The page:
Research: Do People Really Get Promoted to Their Level of Incompetence? | Harvard Business Review
A confirmation of The Peter Principle and how firms can manage around it: creating a structure in which top performers are rewarded with pay rather than promotion; and promoting, to managerial positions, staff who are above-average in individual contributor roles, but savvy in skillsets of leadership.
- The Basic Laws of Human Stupidity | Carlo M. Cipolla
An essay by an Italian economic historian that provides an explanation for human behaviour in the world.
- The Dunning-Kruger Effect Shows Why Some People Think They’re Great Even When Their Work Is Terrible | Forbes
“…many people are underperforming simply because they don’t know that they could be doing better or what really great performance looks like. It’s not that they’re necessarily being defensive, rather they just lack the knowledge. In fact, he told me that research subjects were willing to criticize their own previous poor skills once they were trained up and could see the difference between their previous poor performance and their new improved performance”.
- If Humble People Make the Best Leaders, Why Do We Fall for Charismatic Narcissists? | Harvard Business Review
“…narcissistic individuals radiate ‘an image of a prototypically effective leader.’ Narcissistic leaders know how to draw attention toward themselves. They enjoy the visibility. It takes time for people to see that these early signals of competence are not later realized, and that a leader’s narcissism reduces the exchange of information among team members and often negatively affects group performance”.
- Putt’s Law | davewentzel.com
“I really admire managers who follow the management-by-walking-around (MBWA) principle. This management philosophy is very simple: The best managers are those who leave their offices and observe. By observing they learn what the challenges are for their teams and how to help them better.
So, what I am looking for in a manager?
- He knows he is the least qualified person to make a technical decision.
- He is a facilitator. He knows how to help his technologists succeed.
Category - Shared Items
- Adam Grant On Interviewing to Hire Trailblazers, Nonconformists and Originals | First Round Review
“By default, companies are built in the image of their founders, which is why it’s vital to proactively introduce diversity of thought… ‘What happens when startups get successful and grow is that they become more and more vulnerable to the attraction-selection-attrition cycle, where people of the same stripes are increasingly drawn to the organization, chosen by it and retained at it. The way to combat that homogeneity creep is to proactively infuse the culture with originals, who have the will and skill to think differently'”.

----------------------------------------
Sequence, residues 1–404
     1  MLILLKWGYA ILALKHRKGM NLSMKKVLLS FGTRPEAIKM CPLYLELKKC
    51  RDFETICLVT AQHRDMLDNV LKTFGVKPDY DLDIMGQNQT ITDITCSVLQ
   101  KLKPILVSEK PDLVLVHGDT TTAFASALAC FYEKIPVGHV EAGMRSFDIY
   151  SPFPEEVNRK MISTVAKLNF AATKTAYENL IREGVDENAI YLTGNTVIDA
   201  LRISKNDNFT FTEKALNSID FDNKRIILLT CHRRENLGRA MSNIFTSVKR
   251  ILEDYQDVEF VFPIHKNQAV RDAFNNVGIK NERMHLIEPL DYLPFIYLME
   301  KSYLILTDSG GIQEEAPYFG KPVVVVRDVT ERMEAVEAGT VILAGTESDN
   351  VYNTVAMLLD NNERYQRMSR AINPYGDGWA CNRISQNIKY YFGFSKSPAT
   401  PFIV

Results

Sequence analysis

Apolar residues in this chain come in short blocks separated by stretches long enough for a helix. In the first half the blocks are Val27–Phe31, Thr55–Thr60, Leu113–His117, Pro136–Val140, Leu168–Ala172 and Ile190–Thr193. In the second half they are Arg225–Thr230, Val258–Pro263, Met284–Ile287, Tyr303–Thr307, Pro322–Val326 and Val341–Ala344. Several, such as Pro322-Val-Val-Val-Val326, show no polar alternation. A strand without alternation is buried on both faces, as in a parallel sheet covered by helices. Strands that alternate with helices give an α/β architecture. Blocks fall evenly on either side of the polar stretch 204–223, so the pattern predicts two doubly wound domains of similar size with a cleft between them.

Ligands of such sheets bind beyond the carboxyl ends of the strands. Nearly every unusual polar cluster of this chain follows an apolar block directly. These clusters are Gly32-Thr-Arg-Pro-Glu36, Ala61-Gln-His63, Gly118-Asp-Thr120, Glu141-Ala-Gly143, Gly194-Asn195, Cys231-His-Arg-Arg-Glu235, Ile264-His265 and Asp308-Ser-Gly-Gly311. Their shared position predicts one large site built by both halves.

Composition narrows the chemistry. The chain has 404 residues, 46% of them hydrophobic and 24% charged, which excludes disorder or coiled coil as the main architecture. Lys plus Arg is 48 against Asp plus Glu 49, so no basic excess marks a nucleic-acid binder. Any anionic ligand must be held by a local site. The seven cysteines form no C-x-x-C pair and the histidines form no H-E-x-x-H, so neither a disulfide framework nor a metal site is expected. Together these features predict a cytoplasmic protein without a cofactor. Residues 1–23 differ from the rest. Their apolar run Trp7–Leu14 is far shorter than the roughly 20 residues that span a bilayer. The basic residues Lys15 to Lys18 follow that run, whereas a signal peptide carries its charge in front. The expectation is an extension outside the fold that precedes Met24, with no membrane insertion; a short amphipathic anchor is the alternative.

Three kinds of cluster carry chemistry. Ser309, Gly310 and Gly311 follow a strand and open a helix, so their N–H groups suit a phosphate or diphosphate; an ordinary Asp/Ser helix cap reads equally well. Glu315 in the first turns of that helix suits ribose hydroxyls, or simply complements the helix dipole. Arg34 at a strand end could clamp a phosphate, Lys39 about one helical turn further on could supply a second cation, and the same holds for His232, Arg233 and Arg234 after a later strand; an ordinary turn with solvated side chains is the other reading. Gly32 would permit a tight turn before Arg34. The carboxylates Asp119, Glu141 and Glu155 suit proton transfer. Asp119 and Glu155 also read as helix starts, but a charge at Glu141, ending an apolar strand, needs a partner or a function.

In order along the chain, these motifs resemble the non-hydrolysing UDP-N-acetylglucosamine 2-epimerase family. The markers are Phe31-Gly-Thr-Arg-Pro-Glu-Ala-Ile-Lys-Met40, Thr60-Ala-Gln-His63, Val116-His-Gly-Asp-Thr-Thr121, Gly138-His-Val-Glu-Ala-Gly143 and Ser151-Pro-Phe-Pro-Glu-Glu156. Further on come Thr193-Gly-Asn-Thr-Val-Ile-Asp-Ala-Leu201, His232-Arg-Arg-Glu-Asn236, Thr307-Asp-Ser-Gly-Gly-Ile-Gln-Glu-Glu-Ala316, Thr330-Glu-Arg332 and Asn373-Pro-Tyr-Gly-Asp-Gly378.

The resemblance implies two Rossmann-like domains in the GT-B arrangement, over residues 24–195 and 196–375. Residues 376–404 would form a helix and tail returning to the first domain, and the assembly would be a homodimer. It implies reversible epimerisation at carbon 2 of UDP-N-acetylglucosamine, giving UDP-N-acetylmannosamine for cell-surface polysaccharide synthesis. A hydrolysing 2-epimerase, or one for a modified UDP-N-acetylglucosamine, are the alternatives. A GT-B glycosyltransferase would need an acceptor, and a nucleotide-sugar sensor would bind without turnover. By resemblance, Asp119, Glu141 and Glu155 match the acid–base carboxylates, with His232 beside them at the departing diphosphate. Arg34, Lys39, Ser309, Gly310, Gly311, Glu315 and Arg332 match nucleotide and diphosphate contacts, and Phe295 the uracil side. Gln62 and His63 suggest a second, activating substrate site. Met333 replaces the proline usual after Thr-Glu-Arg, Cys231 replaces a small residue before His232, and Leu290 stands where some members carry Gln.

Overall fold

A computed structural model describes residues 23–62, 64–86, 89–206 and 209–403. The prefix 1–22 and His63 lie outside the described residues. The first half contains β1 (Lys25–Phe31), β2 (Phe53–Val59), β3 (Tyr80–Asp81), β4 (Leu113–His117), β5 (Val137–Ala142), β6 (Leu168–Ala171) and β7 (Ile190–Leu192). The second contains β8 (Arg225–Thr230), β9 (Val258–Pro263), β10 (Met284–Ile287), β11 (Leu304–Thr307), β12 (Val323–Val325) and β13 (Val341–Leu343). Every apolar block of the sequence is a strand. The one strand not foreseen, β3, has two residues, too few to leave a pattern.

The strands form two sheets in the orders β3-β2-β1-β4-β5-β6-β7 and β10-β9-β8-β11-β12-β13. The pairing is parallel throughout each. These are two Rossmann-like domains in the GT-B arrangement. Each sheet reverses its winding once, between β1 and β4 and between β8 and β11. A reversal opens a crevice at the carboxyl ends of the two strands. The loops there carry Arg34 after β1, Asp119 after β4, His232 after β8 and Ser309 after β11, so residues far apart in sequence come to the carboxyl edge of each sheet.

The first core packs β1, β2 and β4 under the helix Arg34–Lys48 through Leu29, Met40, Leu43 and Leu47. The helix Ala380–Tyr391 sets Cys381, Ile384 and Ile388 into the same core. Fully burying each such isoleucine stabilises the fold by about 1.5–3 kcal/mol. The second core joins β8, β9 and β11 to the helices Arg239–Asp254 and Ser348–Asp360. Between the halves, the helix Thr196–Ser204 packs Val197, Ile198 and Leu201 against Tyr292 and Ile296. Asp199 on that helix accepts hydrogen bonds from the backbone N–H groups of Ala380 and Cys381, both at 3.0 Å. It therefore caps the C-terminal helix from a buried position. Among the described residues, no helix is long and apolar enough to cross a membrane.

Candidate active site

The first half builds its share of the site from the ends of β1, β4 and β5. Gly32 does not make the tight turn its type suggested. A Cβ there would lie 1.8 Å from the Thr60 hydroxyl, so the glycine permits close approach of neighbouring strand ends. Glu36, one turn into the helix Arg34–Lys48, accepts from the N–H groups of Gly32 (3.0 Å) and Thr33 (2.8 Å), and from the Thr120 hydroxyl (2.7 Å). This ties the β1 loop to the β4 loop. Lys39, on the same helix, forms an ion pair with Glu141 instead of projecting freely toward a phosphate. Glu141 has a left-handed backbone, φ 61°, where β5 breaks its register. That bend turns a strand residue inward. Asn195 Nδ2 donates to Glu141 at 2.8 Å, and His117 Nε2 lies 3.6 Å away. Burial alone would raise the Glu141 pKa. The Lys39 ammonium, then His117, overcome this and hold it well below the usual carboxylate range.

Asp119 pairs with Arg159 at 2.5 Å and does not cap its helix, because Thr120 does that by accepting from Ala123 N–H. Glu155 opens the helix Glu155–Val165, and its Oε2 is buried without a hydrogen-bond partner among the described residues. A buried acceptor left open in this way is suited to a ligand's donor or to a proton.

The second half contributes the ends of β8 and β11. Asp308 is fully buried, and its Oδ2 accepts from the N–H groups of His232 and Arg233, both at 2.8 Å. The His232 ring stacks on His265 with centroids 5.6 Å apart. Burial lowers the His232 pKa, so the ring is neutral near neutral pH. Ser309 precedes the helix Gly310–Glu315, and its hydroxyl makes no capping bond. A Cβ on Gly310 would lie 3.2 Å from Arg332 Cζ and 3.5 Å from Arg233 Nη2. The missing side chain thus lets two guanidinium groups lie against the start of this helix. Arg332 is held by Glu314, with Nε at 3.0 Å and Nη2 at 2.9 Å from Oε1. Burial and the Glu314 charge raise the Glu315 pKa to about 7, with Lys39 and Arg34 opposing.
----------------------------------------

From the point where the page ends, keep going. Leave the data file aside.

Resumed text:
- How to Hire | eShares
Four principles and six heuristics on hiring. Some of them are counter-intuitive, and all of them turn what we think we know about hiring on its head.
- Your Company’s Culture is Who You Hire, Fire, & Promote | @DrSepah
The writer presents a powerful Performance Value Matrix based on the following with the following categories and rules: Incompetent Assholes (Fire Fast); Competent Assholes (Remediate or Separate); Incompetent Nice Guys (Manage or Move); Competent and Outstanding Nice Guys (Praise and Raise).
- The No Asshole Rule: Part 1 | HuffPost
There are myriad costs to keeping employees who engage in demeaning behaviour in an organisation: From how detrimental they are to the mental and physical health of their colleagues, to the overall undermining of learning and organisational effectiveness.
- Why I Wrote The No Asshole Rule | Harvard Business Review
“My father always told me to avoid assholes at all costs, no matter how rich or powerful they might be, because I would catch their nastiness and impose it on others. I learned, as an organizational psychologist, that his advice is supported by research on ’emotional contagion’: if you work for a jerk, odds are you will become one”.
- 4 Ways to Improve Your Strategic Thinking Skills | Harvard Business Review
Think strategically by looking beyond and looking within. Take time to observe what’s going on around and you, and make time to reflect on this and synthesise your knowledge.
- Great Leadership Isn’t About You | Harvard Business Review
“…leading people well isn’t about driving them, directing them, or coercing them; it is about compelling them to join you in pushing into new territory. It is motivating them to share your enthusiasm for pursuing a shared ideal, objective, cause, or mission. In essence, it is to always conduct yourself in ways that communicates to others that you believe people are always more important than things”.
- What Great Managers Do Daily | Harvard Business Review
Great managers are engaged at work – in what they do and with others around them – and take the time to engage their teams, through one-on-ones and fair distribution of workloads.
- Seven Surprises for New CEOs | Harvard Business Review
These “seven surprises highlight realities about the nature of leadership that are important not just for CEOs but for executives at any level and in any size organization”. An illuminating read.
- Why the Best Leaders Want Their Superstar Employees to Leave | The Wall Street Journal
It may seem counter-intuitive, but there are benefits when talent flow is managed well, with allowances made for movement, instead of an insistence on talent-hoarding.